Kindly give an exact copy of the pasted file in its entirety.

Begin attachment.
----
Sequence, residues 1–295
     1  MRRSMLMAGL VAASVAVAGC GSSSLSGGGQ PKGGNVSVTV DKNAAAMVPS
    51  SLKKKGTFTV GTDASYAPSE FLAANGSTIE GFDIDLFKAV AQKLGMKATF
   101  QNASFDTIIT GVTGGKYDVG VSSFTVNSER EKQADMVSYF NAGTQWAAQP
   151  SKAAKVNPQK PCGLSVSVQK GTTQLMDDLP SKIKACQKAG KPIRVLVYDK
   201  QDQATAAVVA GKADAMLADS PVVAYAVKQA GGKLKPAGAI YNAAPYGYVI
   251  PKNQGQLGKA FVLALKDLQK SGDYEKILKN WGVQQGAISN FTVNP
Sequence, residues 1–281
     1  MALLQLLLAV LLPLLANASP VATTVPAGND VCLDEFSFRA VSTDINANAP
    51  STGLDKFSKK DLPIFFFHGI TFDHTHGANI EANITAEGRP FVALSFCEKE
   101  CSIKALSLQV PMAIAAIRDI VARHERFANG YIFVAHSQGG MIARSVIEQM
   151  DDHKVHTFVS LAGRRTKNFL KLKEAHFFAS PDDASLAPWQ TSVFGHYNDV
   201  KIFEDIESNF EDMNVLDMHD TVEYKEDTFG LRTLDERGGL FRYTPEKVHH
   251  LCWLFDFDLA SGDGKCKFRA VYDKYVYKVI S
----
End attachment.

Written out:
Sequence, residues 1–295
     1  MRRSMLMAGL VAASVAVAGC GSSSLSGGGQ PKGGNVSVTV DKNAAAMVPS
    51  SLKKKGTFTV GTDASYAPSE FLAANGSTIE GFDIDLFKAV AQKLGMKATF
   101  QNASFDTIIT GVTGGKYDVG VSSFTVNSER EKQADMVSYF NAGTQWAAQP
   151  SKAAKVNPQK PCGLSVSVQK GTTQLMDDLP SKIKACQKAG KPIRVLVYDK
   201  QDQATAAVVA GKADAMLADS PVVAYAVKQA GGKLKPAGAI YNAAPYGYVI
   251  PKNQGQLGKA FVLALKDLQK SGDYEKILKN WGVQQGAISN FTVNP
Sequence, residues 1–281
     1  MALLQLLLAV LLPLLANASP VATTVPAGND VCLDEFSFRA VSTDINANAP
    51  STGLDKFSKK DLPIFFFHGI TFDHTHGANI EANITAEGRP FVALSFCEKE
   101  CSIKALSLQV PMAIAAIRDI VARHERFANG YIFVAHSQGG MIARSVIEQM
   151  DDHKVHTFVS LAGRRTKNFL KLKEAHFFAS PDDASLAPWQ TSVFGHYNDV
   201  KIFEDIESNF EDMNVLDMHD TVEYKEDTFG LRTLDERGGL FRYTPEKVHH
   251  LCWLFDFDLA SGDGKCKFRA VYDKYVYKVI S